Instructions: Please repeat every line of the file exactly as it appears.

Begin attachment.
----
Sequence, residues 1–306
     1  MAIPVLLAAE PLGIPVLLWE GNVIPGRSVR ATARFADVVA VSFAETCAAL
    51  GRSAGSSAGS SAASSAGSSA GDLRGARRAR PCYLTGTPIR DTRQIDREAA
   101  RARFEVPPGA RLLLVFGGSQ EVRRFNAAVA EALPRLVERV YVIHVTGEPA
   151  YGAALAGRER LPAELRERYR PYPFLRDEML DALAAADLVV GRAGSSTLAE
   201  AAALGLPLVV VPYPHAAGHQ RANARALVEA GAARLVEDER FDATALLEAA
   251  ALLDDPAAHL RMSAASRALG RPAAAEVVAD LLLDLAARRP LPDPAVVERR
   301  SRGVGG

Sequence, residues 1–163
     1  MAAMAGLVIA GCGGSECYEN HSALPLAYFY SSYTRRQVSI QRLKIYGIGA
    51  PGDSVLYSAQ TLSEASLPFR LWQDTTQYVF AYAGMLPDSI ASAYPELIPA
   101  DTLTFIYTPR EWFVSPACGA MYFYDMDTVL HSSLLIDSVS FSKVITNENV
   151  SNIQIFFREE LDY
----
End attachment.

Sequence, residues 1–306
     1  MAIPVLLAAE PLGIPVLLWE GNVIPGRSVR ATARFADVVA VSFAETCAAL
    51  GRSAGSSAGS SAASSAGSSA GDLRGARRAR PCYLTGTPIR DTRQIDREAA
   101  RARFEVPPGA RLLLVFGGSQ EVRRFNAAVA EALPRLVERV YVIHVTGEPA
   151  YGAALAGRER LPAELRERYR PYPFLRDEML DALAAADLVV GRAGSSTLAE
   201  AAALGLPLVV VPYPHAAGHQ RANARALVEA GAARLVEDER FDATALLEAA
   251  ALLDDPAAHL RMSAASRALG RPAAAEVVAD LLLDLAARRP LPDPAVVERR
   301  SRGVGG

Sequence, residues 1–163
     1  MAAMAGLVIA GCGGSECYEN HSALPLAYFY SSYTRRQVSI QRLKIYGIGA
    51  PGDSVLYSAQ TLSEASLPFR LWQDTTQYVF AYAGMLPDSI ASAYPELIPA
   101  DTLTFIYTPR EWFVSPACGA MYFYDMDTVL HSSLLIDSVS FSKVITNENV
   151  SNIQIFFREE LDY